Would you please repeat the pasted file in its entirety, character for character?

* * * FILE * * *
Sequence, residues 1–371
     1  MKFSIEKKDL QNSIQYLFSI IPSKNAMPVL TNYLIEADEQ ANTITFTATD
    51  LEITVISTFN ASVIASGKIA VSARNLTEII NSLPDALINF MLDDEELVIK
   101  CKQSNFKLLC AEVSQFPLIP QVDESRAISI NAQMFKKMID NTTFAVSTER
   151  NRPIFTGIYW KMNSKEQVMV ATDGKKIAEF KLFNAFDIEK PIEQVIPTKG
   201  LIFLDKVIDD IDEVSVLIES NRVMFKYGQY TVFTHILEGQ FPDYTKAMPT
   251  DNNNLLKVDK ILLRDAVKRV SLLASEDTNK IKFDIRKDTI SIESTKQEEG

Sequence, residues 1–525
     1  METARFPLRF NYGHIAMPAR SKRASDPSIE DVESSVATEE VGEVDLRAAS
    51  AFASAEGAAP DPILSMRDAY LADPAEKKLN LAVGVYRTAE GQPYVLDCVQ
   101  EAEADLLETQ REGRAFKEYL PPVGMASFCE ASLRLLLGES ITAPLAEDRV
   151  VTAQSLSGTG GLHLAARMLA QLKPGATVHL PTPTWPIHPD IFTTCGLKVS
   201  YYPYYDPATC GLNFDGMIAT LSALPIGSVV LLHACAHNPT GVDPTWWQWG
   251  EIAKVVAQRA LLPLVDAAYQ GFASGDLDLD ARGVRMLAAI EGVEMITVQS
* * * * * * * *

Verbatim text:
Sequence, residues 1–371
     1  MKFSIEKKDL QNSIQYLFSI IPSKNAMPVL TNYLIEADEQ ANTITFTATD
    51  LEITVISTFN ASVIASGKIA VSARNLTEII NSLPDALINF MLDDEELVIK
   101  CKQSNFKLLC AEVSQFPLIP QVDESRAISI NAQMFKKMID NTTFAVSTER
   151  NRPIFTGIYW KMNSKEQVMV ATDGKKIAEF KLFNAFDIEK PIEQVIPTKG
   201  LIFLDKVIDD IDEVSVLIES NRVMFKYGQY TVFTHILEGQ FPDYTKAMPT
   251  DNNNLLKVDK ILLRDAVKRV SLLASEDTNK IKFDIRKDTI SIESTKQEEG

Sequence, residues 1–525
     1  METARFPLRF NYGHIAMPAR SKRASDPSIE DVESSVATEE VGEVDLRAAS
    51  AFASAEGAAP DPILSMRDAY LADPAEKKLN LAVGVYRTAE GQPYVLDCVQ
   101  EAEADLLETQ REGRAFKEYL PPVGMASFCE ASLRLLLGES ITAPLAEDRV
   151  VTAQSLSGTG GLHLAARMLA QLKPGATVHL PTPTWPIHPD IFTTCGLKVS
   201  YYPYYDPATC GLNFDGMIAT LSALPIGSVV LLHACAHNPT GVDPTWWQWG
   251  EIAKVVAQRA LLPLVDAAYQ GFASGDLDLD ARGVRMLAAI EGVEMITVQS